Protester violence prevents voter registration in Western Cape

(This article was published in the Weekend Argus, a weekly newspaper in the Western Cape province, South Africa, on April 10 2016.)

Written by Yazeed Kamaldien

A helpless policeman stood over the burnt remains of an Independent Electoral Commission (IEC) tent after protesters set it on fire and disrupted municipal election voter registration across Paarl and Wellington.

During what is the IEC’s last voter registration outreach nationwide, 600 protesters from Mbekweni township in Paarl launched senseless havoc a few hundred metres from their homes shortly after 9am yesterday.


Mbekweni resident Lucas Magwa, a member of the local committee organising protests, said residents marched to the Drakenstein municipality building near their homes because the local government “ignored” the township’s need for electricity.

Eye witnesses outside the municipality building did not want to be named “because it’s dangerous to be named” but said protesters “chucked the IEC tables”.

Magwa said: “We chased them away. We told the municipality we won’t listen to them. They ignored us. We are the leaders.”

By mid-morning protesters had burnt down two IEC tents and forced the closure of all 14 voter registration stations in Paarl and neighbouring Wellington, a 50-minute drive from central Cape Town.

Their disruptive service delivery protest started last week already, at the same time that President Jacob Zuma said the countrywide municipal election would be held on August 3.

The IEC said this was “not the official proclamation of the municipal elections” and “eligible voters can still register until the official proclamation”.

Magwa said their committee which represented “all the people who live in shacks” did not tell locals whether they should vote or not.

“But we told them we can’t vote until we get electricity. That’s all we want,” he said.

Magwa walked through the shacks to show Weekend Argus how people lived without proper access to water, toilets and electricity. He pointed skyward to dangling wires leading to homes that have electricity.

“We are taking electricity from houses and we are paying them. This is unsafe for our children,” said the father of two.

“Children are dying because of this. It’s uncontrolled. It can set alight.”

Nocawe Sitshixo, who lives in a shack with her six children, said she “won’t vote until we get electricity”.

“We use paraffin lamps and it can cause fires. Electricity is safer.”

When asked if they would disrupt the municipal election, Magwa said: “We will see what we will do.”

At the Lukhanyo Youth Development Organisation centre in Paarl, protesters had torn down IEC banners.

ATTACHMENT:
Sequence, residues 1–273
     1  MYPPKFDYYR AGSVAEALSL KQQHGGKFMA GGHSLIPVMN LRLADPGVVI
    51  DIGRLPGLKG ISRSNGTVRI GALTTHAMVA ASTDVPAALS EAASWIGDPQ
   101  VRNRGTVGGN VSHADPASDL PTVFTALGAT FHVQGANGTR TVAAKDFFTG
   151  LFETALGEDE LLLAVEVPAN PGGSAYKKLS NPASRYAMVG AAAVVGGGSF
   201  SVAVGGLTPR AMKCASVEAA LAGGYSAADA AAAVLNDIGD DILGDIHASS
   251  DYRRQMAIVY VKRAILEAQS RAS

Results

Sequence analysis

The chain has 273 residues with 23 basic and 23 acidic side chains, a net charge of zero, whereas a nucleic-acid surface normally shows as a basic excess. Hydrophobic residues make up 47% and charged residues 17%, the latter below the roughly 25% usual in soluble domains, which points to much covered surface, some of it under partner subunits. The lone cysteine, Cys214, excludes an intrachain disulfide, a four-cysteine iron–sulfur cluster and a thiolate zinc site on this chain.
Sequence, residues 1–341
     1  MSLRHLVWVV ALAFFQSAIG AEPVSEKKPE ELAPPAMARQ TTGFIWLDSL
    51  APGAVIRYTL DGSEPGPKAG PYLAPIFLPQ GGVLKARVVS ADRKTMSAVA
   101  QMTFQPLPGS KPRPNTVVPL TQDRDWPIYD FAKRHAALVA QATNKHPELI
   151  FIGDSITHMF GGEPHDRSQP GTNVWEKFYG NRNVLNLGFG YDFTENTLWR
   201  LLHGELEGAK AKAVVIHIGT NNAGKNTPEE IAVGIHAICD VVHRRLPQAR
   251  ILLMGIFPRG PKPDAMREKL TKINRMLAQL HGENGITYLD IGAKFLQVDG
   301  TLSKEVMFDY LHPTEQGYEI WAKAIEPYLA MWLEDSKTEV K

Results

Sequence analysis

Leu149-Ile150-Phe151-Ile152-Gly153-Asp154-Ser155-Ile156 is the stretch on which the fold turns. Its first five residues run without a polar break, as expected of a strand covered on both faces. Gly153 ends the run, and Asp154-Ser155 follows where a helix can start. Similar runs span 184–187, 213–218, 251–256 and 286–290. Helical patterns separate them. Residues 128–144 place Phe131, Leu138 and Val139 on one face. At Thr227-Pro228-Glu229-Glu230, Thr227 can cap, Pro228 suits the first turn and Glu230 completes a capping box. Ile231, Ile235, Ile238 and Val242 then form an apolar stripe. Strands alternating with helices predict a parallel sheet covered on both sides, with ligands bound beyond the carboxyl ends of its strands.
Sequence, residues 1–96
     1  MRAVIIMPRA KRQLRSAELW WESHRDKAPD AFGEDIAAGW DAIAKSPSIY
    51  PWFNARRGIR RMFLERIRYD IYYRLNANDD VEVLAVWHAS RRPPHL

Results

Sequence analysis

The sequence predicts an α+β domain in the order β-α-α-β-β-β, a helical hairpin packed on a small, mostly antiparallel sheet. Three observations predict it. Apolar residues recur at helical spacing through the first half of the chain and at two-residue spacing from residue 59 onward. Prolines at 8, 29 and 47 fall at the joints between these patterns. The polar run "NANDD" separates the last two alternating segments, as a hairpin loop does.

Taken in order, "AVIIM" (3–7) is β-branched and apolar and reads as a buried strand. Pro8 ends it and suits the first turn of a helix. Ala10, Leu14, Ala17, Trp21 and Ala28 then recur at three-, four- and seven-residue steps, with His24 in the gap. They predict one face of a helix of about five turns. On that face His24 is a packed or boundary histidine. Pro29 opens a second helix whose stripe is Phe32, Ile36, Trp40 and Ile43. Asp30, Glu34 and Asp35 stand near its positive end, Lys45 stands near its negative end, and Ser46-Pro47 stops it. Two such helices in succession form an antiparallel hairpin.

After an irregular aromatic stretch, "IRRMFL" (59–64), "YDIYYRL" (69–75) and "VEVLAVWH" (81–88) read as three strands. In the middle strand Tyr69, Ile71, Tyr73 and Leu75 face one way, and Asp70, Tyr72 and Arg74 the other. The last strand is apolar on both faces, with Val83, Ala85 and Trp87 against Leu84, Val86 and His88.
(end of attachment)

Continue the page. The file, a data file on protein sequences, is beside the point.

Centre manager Sydwell Magqazana said the IEC “told us to close it so they can’t get in”.

“This is negatively affecting voting. We understand their demand. It’s a valid demand. But there are so many better ways they can conduct their struggle,” said Magqazana.

“To vandalise… now how could we support their struggle? They could have come to us, as part of the community, and tell us their need.”

In neighbouring Van Wyksvlei in Wellington residents recalled how protesters ran down their street and set alight an IEC tent shortly after 10am yesterday.

Resident Kaatyie Williams said they had “heard in the week they had a protest at the municipality”.

“We heard they were throwing over cars and smashing windows. They said they would do this. We heard they were coming,” she said.

“They were running down the street. We went into our homes when we saw them throw petrol and burn the tent. The women had knives and cut the tent.

“We came out when they left and used water to put out the fire. People came to register but saw the tent was burnt.”

Paarl police had last week reportedly arrested 23 people from Mbekweni after they set on fire cars and marched on the municipality for electricity.

Another voter registration tent in Wellington was also burned yesterday.

Francina Lewis, whose shack is next to the open piece of land the tent was standing on, said she “thought my house would burn”.

“The flames were up to my fence. We got water and put the fire out,” she said.

The IEC’s Western Cape electoral officer, Courtney Sampson, said they had to temporarily shut down 14 voting stations when the protest started.

Sampson confirmed: “Two of our structures were burnt. We re-opened the stations except for three (of the 14) where people were traumatised.”

“None of our staff were injured but events like that traumatise people.”

Sampson said all stations would be open today (SUNDAY) for registration.

There were also “problems” with voter registration yesterday in Khayelitsha “but all the stations were functional”, said Sampson.

“The issues were community protests and discontent. There were two that started late because of protest action. That was resolved and they were open,” he added.

“In Manenberg there was gangware that closed one station.”

Western Cape police spokesman Captain FC van Wyk said protester damage was estimated at R25,000.

“No arrests were made as the crowd had dispersed. Instruction was given by the IEC that all voting stations in Mbekweni be closed,” said Van Wyk.

“SAPS (police) members started monitoring the group and they re-grouped outside the Mbekweni municipal hall. The crowd of approximately 500 was monitored as they marched throughout the Mbekweni area.

“The group dispersed in Drommedaris Street after being monitored until 12:40pm.”



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About Yazeed Kamaldien

Self-employed journalist and photographer from South Africa.

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